Ensuring your child's car seat straps are secure

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Ensuring your child's car seat straps are secure

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In order to properly secure the car seat straps on your child, first you want to make sure that they are at the correct level. So for rear facing car seat you want to make sure that the straps are coming out of the car seat at or below the shoulder level. So when it's rear facing it kind of comes up above the shoulder and down up against the body. For a foreword facing car seat it's the opposite. You want o make sure that the car seat straps come out of the car seat at or above the shoulder level as there is a little bit of wiggle room right here. After you've made sure that the proper level, they can be re threaded. Some of them allow you to adjust them easily without re threading the straps just depends on your car seat. Then you make sure you buckle all of the buckles on the correct places. So at the crotch strap if there is any loose wiggle room, most car seats will have multiple holes where you can have that crotch strap come up through the car seat. So choose the one that is closes to your child's body but not uncomfortable. If you can't find the perfect fit you can always take a receiving blanket or a small towel and wrap it upside, inside their little crotch, next to the crotch strap to get a little bit extra cushion right there. Then you want to buckle the chest clip. Chest clip should always be at the armpit level on the child right on top of their heart cage. Because in an accident you don't want it to be in their soft tummy tissues on top of their internal organs you want to make sure they've got right up against that tough bones to protect their body. The last thing to check is that the tightness is proper. There is usually a string, a strap at the bottom of the car seat where you can pull and tighten the car seat and you shouldn't be able to pinch the strap on that strap. If you can pinch it it's too loose so a lot of parents make the mistake thinking Oh, the baby is uncomfortable, it's too tight, they are crying . If you start them from a young age and you always have them snug and secure on their body they will get used to it and it's much much safer for the child. Some people also use the 2 finger test if you can fit 2 fingers underneath the strap it's too loose. So I really recommend you don't put any bulky jackets or large winter clothing underneath those straps. You want them to be right above the onesie or the baby's clothes so that in an accident there is no extra cushioning that they have to get through to get to those straps and they are very snug and secure and safe in an accident.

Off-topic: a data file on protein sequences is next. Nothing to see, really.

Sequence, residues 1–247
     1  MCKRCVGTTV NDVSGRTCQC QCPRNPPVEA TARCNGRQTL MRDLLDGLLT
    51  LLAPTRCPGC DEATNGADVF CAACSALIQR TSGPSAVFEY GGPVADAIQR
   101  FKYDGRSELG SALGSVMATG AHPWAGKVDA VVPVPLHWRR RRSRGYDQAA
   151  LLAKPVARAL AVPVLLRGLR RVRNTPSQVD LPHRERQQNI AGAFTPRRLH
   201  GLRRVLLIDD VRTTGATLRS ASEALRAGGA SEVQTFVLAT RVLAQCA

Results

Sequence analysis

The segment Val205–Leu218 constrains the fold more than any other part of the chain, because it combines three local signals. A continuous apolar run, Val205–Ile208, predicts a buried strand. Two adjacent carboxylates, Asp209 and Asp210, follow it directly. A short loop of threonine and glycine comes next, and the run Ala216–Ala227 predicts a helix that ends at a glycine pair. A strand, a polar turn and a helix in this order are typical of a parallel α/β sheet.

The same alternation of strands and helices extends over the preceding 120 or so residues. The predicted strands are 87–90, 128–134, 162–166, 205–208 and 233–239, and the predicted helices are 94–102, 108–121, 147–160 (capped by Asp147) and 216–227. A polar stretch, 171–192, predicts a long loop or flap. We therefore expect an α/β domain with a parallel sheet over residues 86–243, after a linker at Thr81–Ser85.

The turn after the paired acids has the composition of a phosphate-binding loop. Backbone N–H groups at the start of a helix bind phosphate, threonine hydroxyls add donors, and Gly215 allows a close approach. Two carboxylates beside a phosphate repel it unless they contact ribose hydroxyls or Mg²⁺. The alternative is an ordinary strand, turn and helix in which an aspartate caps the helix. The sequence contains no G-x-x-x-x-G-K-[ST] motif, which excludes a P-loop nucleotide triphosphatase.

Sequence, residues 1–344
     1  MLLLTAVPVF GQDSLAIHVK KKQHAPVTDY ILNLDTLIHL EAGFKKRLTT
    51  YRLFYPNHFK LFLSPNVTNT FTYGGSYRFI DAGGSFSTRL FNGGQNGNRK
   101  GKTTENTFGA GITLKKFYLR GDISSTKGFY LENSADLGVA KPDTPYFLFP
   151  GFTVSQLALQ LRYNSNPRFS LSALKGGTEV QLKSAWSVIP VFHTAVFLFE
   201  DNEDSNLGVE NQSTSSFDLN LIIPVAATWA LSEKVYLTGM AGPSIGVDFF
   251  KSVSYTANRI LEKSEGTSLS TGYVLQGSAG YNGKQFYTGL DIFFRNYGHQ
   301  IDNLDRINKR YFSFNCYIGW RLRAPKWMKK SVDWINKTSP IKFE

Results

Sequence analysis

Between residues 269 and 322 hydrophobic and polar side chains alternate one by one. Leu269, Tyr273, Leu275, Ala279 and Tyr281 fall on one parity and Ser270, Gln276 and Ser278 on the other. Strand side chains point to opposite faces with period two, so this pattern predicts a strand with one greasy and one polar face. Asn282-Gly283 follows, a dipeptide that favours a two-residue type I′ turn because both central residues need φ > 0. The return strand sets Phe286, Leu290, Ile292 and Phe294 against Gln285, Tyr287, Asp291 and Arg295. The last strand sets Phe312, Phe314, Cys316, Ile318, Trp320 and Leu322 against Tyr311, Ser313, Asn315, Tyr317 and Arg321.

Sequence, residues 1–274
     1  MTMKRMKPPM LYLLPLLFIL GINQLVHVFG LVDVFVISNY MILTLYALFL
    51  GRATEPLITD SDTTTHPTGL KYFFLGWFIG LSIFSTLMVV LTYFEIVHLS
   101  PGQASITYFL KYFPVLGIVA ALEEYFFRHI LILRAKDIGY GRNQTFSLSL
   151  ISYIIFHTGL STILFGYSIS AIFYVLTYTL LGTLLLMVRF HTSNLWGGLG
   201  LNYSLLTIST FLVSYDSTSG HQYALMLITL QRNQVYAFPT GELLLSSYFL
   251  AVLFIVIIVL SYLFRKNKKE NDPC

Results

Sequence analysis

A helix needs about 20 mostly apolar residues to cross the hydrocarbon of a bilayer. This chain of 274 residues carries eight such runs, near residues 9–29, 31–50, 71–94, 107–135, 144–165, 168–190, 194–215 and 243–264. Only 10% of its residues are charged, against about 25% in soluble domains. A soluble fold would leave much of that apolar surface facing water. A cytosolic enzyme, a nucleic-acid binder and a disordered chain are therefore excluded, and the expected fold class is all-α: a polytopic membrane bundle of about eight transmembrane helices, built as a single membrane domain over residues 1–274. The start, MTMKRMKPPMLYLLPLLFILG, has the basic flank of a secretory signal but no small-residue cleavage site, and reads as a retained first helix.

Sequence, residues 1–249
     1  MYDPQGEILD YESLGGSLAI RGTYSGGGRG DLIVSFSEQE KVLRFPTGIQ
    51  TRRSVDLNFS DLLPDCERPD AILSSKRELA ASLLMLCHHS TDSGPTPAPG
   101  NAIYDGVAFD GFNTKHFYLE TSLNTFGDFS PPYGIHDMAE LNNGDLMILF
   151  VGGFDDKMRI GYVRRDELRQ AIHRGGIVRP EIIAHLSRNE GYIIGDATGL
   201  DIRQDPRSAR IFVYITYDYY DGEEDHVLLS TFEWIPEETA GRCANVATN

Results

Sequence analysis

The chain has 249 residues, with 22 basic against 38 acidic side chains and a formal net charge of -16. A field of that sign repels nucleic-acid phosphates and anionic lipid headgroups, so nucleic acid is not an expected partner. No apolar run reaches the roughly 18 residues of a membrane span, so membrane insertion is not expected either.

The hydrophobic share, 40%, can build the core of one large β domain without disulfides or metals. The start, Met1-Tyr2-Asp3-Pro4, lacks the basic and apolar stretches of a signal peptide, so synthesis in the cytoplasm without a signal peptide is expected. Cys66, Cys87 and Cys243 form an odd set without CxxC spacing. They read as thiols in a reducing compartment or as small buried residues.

Watch Video: Ensuring your child's car seat straps are secure by Jennifer Beall, MBA, CPST, ...

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Jennifer Beall, MBA, CPST

Founder of Tot Squad

Jennifer Beall is the Founder and CEO of Tot Squad formerly known as CleanBeeBaby, an eco-friendly cleaning service for strollers and car seats that is at a different neighborhood retailer or preschool every day. Professional safety technicians help properly reinstall car seats after they are cleaned.Certified as a Child Passenger Safety Technician since 2009, Jen is passionate about helping parents properly use their car seats given that 85% are incorrectly installed. She also serves on the Los Angeles committee for Baby Buggy, a charity that helps collect used baby gear to redistribute it to families in need.Jen received her MBA in 2010 from the Kellogg School of Management at Northwestern University where she focused on Marketing and Entrepreneurship. CleanBeeBaby was created through her coursework, for which she won first place in the Kellogg Cup Business Plan Competition and the Student of the Year award in Entrepreneurship. Prior to business school, she worked in management consulting as well as internal strategy for a food and beverage company. She also received a BS in Mathematics from Duke University after leaving her hometown of Austin, Texas.Jen now lives in Los Angeles but remains a loyal fan of the Texas Longhorns and the Duke basketball team. She enjoys spending time outdoors and traveling. She has been featured in Entrepreneur Magazine, Fast Company, Daily Candy, and Crain's Chicago Business.

Car Seats, Car Seats, Car Seats
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